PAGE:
Stylistic “Gatsby” a fitting adaptation of classic novel

Grade: B+

When you think back to high school English class, the first book that probably pops into your mind is F. Scott Fitzgerald’s “The Great Gatsby.”

This novel has been celebrated for decades and has had adaptation after adaptation made for the big screen. This summer was no exception, as another attempt was made to capture the rich and lively lifestyle of the jazz age.

This version of Gatsby, directed by glamour mastermind Baz Luhrmann (director of “Romeo + Juliet” and “Moulin Rouge”), could have gone in one of two directions.

It could have been an over-the-top mess with all style and no substance, or he could have infused the pretty scenery with some emotion and characters we care about. Many believe the first part is what the movie turned out to be, but I have to agree with the latter.

Luhrmann brings his signature style full force, giving every frame the pizazz that it deserves. The story centers around a mysterious man who throws parties that everyone who’s anyone attends, yet not a single one of them knows about their shadowy host.

“The Great Gatsby” is a very visual story, focusing on the hedonism and materialism of the 1920s upper class, and some have criticized Luhrmann’s “Great Gatsby” for glorifying the over-the-top materialism that he portrays.

I look at it as not “style over substance,” but the style working with the substance to help the viewer understand how people saw themselves in this era. As the narrator, Nick Carraway (played by Tobey Maguire), states, “they were a careless bunch.”

The party scenes are without a doubt exciting, especially when infused with a modern soundtrack filled with music ranging from Florence and the Machine to Jay-Z.

These scenes are all fun and eye-popping, but when you later find out the real reason why Mr. Jay Gatsby (Leonardo DiCaprio) is throwing them, you start to notice a purpose behind them.

The acting is excellent, for the most part. For this movie to work and not just be a typical, run-of-the-mill period piece, it needs to be full of performances that can add personality to the roles.

Leonardo DiCaprio, who is my favorite actor working in the business today, is the perfect Jay Gatsby. DiCaprio has leading man charm while also being able to turn on the dramatic switch when needed, and he nails it here. He also happens to be introduced on screen in the most extravagant way imaginable.

Another stand out would be Joel Edgerton, playing the brute husband to Nick’s cousin, Daisy (Carey Mulligan). Edgerton has the ability to play off of DiCaprio so well and raise the tension when things are getting heated between characters.

Two actors who I can’t sing praises for are Tobey Maguire and Carey Mulligan. Maguire had the look of Nick locked down but ultimately failed to elevate the material and leave a memorable impression.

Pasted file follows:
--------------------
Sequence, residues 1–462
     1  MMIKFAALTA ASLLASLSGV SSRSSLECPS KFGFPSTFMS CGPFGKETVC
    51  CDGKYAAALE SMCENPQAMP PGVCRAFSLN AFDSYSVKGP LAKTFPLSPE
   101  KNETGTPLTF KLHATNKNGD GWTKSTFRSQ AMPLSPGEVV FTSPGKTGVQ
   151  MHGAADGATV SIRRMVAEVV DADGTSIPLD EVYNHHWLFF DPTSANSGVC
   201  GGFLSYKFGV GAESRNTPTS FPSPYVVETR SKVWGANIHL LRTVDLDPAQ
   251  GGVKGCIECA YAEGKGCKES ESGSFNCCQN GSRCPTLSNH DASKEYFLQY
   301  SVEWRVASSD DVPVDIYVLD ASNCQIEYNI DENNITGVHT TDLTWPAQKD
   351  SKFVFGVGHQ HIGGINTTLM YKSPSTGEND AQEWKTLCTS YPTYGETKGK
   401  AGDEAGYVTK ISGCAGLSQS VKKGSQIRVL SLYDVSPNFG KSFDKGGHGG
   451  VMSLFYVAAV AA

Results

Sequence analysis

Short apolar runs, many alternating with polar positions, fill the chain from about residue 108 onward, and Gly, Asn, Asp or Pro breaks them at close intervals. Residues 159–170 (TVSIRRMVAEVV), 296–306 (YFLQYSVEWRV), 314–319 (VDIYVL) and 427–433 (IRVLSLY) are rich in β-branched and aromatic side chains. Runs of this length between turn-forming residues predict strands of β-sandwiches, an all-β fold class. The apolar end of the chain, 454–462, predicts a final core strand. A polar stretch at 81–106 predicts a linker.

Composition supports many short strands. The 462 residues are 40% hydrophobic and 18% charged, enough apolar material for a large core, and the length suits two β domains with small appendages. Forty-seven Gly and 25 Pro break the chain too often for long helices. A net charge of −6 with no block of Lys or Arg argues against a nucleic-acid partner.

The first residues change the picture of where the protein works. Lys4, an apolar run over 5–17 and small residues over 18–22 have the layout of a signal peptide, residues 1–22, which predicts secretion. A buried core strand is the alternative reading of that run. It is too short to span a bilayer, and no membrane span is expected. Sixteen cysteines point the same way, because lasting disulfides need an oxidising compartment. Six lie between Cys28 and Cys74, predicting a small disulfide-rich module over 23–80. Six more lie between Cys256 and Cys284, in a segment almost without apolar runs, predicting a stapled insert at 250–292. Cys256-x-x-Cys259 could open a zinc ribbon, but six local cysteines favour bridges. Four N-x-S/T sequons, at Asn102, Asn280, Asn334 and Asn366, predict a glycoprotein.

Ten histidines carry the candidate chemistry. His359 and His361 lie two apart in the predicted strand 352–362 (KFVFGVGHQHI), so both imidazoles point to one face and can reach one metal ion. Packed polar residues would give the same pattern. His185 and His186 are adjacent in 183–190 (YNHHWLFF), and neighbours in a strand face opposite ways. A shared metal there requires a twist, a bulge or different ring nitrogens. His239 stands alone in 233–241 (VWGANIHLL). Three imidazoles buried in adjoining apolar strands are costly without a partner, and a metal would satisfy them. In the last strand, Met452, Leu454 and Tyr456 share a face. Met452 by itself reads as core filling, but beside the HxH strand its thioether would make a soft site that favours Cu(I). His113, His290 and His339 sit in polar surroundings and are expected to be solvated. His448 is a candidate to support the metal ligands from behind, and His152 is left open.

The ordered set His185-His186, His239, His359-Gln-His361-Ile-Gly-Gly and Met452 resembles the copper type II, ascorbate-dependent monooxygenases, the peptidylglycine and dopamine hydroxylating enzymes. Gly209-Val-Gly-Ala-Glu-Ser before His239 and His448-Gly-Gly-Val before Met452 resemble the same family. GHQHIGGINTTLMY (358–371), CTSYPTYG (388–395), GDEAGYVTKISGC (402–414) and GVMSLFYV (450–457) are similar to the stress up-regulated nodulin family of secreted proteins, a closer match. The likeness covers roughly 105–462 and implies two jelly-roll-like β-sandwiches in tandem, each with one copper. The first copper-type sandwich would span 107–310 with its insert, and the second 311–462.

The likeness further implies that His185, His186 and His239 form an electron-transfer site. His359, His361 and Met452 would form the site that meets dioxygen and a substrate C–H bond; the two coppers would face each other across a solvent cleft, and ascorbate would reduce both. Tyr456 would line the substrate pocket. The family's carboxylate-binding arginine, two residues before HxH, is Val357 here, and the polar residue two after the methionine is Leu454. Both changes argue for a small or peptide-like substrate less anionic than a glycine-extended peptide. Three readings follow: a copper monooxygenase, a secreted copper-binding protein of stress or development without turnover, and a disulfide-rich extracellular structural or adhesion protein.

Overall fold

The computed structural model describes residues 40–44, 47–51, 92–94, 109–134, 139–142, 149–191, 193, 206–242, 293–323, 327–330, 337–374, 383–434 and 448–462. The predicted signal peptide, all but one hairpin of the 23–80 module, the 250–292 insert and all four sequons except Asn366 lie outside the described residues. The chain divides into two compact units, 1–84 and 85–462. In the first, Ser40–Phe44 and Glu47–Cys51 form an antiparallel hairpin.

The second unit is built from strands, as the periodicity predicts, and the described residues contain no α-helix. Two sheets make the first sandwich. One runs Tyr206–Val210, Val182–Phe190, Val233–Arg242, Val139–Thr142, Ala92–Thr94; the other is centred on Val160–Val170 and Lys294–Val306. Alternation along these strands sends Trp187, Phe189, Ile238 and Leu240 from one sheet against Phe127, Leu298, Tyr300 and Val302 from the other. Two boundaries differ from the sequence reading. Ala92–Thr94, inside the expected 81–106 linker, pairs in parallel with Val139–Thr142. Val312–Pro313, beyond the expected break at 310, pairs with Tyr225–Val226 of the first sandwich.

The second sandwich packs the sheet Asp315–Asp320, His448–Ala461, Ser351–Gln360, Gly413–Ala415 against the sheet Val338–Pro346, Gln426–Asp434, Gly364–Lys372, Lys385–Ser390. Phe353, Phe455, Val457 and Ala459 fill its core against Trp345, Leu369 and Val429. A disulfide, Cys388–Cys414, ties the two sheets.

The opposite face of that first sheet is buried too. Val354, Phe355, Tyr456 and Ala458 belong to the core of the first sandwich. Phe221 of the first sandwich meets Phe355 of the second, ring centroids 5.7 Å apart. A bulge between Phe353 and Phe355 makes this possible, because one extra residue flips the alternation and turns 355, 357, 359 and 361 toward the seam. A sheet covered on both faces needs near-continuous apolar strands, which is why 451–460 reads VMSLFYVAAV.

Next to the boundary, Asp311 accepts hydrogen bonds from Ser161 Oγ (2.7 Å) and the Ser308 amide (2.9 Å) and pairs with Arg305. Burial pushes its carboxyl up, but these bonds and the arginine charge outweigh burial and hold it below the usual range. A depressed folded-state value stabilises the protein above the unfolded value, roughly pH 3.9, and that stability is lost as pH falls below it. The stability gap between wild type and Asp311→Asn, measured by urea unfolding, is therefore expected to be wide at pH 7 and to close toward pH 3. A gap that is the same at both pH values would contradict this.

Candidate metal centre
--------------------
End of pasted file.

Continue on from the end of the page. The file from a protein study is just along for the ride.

Mulligan, on the other hand, was simply someone I could not stand. Usually this Oscar-nominated actress is able to go above and beyond, but here she seems to be overacting and it becomes exhausting to watch her.

As an adaptation, this version is more than I could have asked for. “The Great Gatsby” is one of my all-time favorite books and it has a huge fan base behind it, so the pressure was on to make this film in a way that is relevant to our time while still sticking to the source material at hand.

For the most part, the writers did a fantastic job staying in step with the text. I would like to think that F. Scott Fitzgerald and Baz Luhrmann were destined to come together on a project. Luhrmann’s visual eye makes Fitzgerald’s words fly right off the page.

Little things were added to the film that weren’t in the book which I thought enhanced the visuals of the story. This can be seen especially in Nick’s narration. Everything about the production makes you feel like you are looking into the 1920s.

From the design of the house to the costumes worn by the characters, it all makes it easy to be sucked in and join in the fun knowing that this was a real and lively period in time.

“The Great Gatsby” is a party. It’s fun, fast paced and energetic all at once. But that’s not all that this movie is. There is an actual story behind the glitter and champagne.

The more we find out about the actual Jay Gatsby, the more we understand where he is coming from. If I were to pick out one word to describe the message of this story, it would be “dreams.”

These characters are dreaming of a better or different life for themselves, but it’s how they get to that point that shapes who they become.

In short, “The Great Gatsby” is full of both wild entertainment and rock-solid substance, relying heavily on visuals to get the job done.